Budget conference: House, Senate remain $200M apart on Rural and Family Lands
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The Senate wants $300M, just like last year. The House wants $100M.

The House wants to invest $100 million in a Rural and Family Lands program.

The money was in a first offer in the Agriculture and Natural Resources silo. While the nine-figure amount will buy a lot of land protection easements, it’s just a third of the $300 million the Senate has in its budget.

The program has been a priority for Agriculture Commissioner Wilton Simpson, who secured $300 million for the program while the Trilby egg farmer served as Senate President. And a record number of landowners applied for the program last year, so it’s unlikely interest will wane any time soon.

Notably, the Senate wants to fund the balance for the program using nonrecurring general revenue.

But the House offer looks to raid trust funds to cover the bills.

The chambers do agree on some smaller ticket items, including $2 million for U.S. Energy Department land acquisition projects.

But the Senate wants $6.5 million to acquire Southern Gardens and $500,000 for the Hickory Sink easements, while the House has none of that included in its budget offer.

In terms of big-ticket items already closed out, both chambers want to put almost $33.2 million for an emergency food distribution program. More than $7.8 million has also been agreed upon for a citrus health response program.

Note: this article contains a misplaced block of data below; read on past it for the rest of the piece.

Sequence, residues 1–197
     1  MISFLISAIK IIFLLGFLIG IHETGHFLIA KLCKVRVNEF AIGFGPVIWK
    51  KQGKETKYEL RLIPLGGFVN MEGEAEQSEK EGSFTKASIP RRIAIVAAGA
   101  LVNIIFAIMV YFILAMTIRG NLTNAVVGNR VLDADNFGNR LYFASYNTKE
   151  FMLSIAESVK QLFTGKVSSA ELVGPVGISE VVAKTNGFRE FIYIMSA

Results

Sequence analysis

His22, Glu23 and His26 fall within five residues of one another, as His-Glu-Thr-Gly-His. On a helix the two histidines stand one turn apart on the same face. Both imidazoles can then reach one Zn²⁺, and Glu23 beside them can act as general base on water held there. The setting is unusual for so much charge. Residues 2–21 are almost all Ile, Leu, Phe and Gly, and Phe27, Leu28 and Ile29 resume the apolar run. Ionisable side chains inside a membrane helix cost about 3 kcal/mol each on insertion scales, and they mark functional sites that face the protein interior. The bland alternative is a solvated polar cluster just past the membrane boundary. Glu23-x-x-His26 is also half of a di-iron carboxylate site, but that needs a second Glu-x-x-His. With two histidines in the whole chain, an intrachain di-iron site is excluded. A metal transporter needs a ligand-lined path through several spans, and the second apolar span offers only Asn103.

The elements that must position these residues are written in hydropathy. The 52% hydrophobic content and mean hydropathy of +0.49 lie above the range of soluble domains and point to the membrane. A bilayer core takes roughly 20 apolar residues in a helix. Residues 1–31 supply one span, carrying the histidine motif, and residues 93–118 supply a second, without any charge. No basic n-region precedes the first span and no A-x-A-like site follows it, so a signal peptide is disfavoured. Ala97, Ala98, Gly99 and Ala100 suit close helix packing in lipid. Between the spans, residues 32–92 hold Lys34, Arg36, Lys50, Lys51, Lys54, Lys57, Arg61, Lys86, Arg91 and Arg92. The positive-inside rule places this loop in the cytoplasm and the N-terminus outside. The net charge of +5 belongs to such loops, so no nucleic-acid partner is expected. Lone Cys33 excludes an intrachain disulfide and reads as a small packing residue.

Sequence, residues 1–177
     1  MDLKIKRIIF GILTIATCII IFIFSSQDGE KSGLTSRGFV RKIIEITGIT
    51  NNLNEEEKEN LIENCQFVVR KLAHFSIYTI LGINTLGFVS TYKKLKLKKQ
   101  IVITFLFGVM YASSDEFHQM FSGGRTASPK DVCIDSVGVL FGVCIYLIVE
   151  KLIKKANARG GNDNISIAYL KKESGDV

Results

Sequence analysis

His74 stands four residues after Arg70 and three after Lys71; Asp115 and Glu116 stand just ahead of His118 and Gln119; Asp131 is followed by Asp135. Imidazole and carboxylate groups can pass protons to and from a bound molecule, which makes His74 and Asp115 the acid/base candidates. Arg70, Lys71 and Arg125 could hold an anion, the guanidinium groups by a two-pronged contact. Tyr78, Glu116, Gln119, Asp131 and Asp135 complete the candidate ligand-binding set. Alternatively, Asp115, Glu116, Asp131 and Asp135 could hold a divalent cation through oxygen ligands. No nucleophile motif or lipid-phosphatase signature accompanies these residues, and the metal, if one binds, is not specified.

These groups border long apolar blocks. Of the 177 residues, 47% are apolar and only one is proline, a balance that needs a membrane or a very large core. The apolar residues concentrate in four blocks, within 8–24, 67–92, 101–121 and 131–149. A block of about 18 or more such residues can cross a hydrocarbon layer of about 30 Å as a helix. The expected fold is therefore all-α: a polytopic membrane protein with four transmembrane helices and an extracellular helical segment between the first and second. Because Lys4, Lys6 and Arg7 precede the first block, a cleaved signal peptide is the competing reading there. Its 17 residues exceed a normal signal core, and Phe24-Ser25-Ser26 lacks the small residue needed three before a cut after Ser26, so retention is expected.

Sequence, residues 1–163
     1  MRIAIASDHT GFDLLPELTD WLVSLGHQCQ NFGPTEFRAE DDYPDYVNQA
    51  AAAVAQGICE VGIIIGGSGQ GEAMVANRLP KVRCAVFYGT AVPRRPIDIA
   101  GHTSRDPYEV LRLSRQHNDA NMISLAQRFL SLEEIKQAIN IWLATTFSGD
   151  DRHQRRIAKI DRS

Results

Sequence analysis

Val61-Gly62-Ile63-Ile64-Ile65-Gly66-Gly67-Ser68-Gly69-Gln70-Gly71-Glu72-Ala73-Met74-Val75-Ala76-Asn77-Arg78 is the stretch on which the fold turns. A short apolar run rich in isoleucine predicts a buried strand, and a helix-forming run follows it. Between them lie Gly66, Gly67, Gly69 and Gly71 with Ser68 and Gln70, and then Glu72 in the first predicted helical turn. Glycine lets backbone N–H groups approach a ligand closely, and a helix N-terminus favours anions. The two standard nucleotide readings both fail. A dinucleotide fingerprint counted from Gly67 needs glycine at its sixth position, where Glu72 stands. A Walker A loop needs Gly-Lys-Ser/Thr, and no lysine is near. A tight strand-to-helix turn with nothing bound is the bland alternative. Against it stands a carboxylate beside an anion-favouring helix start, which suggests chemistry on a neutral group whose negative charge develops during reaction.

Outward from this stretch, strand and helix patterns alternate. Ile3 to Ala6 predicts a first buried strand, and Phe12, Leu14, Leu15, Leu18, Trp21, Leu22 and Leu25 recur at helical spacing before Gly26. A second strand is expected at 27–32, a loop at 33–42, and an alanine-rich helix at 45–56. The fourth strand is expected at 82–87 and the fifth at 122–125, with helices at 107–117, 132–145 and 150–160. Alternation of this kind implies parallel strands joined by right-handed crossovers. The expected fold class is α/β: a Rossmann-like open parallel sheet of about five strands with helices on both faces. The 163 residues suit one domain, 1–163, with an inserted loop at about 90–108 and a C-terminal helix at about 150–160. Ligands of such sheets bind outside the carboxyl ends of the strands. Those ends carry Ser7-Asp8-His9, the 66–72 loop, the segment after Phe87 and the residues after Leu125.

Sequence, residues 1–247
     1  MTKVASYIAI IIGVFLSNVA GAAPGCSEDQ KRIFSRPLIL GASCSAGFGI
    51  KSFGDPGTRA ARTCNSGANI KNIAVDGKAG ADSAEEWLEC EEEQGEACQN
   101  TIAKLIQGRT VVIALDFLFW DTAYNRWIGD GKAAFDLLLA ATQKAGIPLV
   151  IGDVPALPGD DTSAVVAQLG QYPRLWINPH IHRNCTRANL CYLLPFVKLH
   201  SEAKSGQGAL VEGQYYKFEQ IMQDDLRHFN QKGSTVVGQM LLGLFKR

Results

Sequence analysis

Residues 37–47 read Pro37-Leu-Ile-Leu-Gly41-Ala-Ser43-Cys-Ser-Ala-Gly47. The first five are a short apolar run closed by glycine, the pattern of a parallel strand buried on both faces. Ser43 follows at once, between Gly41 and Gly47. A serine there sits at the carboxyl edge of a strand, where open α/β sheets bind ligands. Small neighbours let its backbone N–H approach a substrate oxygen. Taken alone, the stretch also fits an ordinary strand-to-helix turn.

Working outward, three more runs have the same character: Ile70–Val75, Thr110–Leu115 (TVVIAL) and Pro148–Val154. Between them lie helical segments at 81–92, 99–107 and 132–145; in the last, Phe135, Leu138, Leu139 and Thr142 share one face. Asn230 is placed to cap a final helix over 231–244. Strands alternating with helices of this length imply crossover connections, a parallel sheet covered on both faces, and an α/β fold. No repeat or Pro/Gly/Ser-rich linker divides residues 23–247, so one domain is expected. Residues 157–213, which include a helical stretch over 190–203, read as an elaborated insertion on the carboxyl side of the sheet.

There’s also $4 million in both budgets for citrus crop decline supplemental funding.

But the Senate wants $6 million for a fertilizer rate study and the House so far has no money in the budget.

A major point of contention will be some $177 million in facilities improvements the Senate has budgeted for the Agriculture Department. In contrast, the House has not one nickel for office space.

The budget now clicks back over to the Senate to consider and make a counteroffer as the final days of the Legislative Session wind down.

Jacob Ogles

Jacob Ogles has covered politics in Florida since 2000 for regional outlets including SRQ Magazine in Sarasota, The News-Press in Fort Myers and The Daily Commercial in Leesburg. His work has appeared nationally in The Advocate, Wired and other publications. Events like SRQ’s Where The Votes Are workshops made Ogles one of Southwest Florida’s most respected political analysts, and outlets like WWSB ABC 7 and WSRQ Sarasota have featured his insights. He can be reached at [email protected].



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